Saturday, October 31, 2009

The pleasures of engaging in English wordplay

Most of the language we use and encounter in news reportage and in our day-to-day business transactions depends on the surface meanings of words and sentences. We rely largely on denotations or direct specific meanings, as opposed to connotations or implied or associated ideas, to get our ideas across clearly. This, of course, is mass communication and business communication as they should be—they need to stick to denotations as common ground for understanding and for reaching agreement. Indeed, we would be inviting confusion and misunderstanding by trying to foist unfounded or unwarranted connotations on a motley crowd.

Within more familiar and intimate circles, however, we can be more figurative and rhetorical in expressing our ideas with little risk of being misunderstood. We can actually make our messages more forceful, convincing, palatable—better still, even pleasurable—by occasionally spicing them with a simile, metaphor, and some other form of wordplay. Obviously, though, we can confidently engage in wordplay or be comfortable when at its receiving end only if we ourselves are familiar and conversant with its various forms and existing repertoire.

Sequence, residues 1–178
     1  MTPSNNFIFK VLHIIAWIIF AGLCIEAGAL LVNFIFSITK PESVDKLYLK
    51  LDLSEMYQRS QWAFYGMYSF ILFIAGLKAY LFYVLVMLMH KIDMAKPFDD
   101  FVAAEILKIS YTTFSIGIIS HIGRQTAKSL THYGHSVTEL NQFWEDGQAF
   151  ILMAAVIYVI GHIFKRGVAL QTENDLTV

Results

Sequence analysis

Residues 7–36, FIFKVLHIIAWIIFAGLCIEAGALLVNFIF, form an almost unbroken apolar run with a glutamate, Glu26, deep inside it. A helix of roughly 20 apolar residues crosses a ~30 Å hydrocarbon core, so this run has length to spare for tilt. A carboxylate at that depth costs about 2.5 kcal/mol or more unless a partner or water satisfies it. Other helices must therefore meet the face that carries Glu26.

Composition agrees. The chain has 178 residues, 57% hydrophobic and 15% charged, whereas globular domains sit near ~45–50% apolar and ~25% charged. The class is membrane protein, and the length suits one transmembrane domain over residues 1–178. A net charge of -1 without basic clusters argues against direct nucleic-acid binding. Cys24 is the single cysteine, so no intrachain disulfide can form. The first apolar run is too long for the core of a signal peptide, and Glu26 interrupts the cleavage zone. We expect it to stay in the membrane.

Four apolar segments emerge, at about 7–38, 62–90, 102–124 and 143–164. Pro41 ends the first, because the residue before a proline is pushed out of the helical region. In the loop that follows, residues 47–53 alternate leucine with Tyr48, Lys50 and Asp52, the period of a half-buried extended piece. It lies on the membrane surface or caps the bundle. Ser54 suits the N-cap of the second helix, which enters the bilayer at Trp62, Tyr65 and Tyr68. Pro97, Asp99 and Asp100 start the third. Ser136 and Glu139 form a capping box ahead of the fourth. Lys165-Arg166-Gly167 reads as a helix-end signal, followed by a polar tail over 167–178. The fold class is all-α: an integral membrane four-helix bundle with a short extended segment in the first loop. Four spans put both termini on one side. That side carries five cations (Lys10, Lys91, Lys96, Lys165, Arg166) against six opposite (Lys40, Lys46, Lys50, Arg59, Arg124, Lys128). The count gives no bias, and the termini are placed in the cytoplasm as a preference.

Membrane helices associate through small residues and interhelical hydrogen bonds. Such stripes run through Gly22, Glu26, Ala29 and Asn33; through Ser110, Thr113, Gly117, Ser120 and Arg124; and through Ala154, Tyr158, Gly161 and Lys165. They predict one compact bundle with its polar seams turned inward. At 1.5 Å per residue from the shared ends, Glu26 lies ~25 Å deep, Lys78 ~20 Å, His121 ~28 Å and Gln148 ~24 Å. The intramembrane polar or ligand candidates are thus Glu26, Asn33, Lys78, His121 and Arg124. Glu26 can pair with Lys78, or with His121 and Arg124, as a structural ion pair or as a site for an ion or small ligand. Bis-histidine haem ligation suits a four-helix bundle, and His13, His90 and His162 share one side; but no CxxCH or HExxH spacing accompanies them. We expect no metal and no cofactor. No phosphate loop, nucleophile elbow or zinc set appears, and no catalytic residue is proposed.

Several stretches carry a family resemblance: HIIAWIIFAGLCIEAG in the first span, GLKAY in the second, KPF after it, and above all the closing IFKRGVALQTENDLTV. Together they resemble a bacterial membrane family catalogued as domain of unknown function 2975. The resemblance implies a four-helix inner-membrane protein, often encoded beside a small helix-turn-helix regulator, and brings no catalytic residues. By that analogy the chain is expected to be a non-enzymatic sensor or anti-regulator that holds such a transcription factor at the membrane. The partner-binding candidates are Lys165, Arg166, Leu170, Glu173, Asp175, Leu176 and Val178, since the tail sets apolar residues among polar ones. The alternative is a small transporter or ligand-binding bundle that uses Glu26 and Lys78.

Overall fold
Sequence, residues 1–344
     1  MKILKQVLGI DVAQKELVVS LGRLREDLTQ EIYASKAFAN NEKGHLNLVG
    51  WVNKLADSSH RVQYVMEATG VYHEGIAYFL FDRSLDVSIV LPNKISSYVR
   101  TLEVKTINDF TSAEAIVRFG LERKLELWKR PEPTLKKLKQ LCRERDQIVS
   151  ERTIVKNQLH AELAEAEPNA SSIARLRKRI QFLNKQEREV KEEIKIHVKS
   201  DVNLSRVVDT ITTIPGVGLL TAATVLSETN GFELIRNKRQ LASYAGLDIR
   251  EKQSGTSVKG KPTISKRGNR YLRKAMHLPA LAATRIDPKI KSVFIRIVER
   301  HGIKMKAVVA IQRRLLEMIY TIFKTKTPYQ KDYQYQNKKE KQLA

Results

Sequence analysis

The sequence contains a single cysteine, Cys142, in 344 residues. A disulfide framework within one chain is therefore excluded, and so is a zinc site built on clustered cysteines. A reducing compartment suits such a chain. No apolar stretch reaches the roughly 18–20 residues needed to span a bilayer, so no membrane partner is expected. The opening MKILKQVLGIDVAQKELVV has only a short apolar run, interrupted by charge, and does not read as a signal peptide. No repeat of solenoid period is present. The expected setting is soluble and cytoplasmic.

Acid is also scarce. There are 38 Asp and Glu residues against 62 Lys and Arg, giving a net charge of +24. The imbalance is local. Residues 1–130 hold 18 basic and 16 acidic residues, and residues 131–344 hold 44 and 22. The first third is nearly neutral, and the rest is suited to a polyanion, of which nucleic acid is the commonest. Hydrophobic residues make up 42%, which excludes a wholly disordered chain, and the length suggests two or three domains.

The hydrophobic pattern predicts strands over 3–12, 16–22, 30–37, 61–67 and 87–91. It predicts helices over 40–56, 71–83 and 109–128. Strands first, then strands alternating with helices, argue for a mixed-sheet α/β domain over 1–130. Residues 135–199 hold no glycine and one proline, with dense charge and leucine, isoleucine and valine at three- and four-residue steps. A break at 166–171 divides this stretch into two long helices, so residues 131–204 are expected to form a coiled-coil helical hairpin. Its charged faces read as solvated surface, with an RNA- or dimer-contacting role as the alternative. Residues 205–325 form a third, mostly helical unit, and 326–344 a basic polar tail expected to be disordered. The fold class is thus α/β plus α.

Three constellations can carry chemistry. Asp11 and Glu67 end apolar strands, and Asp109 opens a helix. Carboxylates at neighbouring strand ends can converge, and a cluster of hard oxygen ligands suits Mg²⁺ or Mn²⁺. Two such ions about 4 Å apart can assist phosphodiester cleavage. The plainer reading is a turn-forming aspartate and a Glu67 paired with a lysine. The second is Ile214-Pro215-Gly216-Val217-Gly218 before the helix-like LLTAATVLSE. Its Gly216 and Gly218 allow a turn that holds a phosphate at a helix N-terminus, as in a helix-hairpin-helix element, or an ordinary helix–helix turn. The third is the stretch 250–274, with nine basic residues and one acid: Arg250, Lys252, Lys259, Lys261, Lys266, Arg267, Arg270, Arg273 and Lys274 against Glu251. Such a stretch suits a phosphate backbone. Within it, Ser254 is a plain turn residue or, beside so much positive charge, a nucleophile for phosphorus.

Wordplay is without any doubt one of the greatest pleasures of English. For us to fully partake of it, however, we need to continually widen our English vocabulary and our knowledge of the English idioms and figures of speech. To quote from the essay below that I wrote six years ago, “few can enjoy English-language wordplay at all unless they have already graduated from using English simply as a rickety pushcart for conveying information.”

The two-part essay that I am posting here is meant to be a brief orientation on the art of wordplay for serious learners of English. I thought it might also be of interest to Forum members who want to renew their love affair or passing acquaintance with an art form that’s now in danger of getting extinct in our part of the world due to misuse and disuse.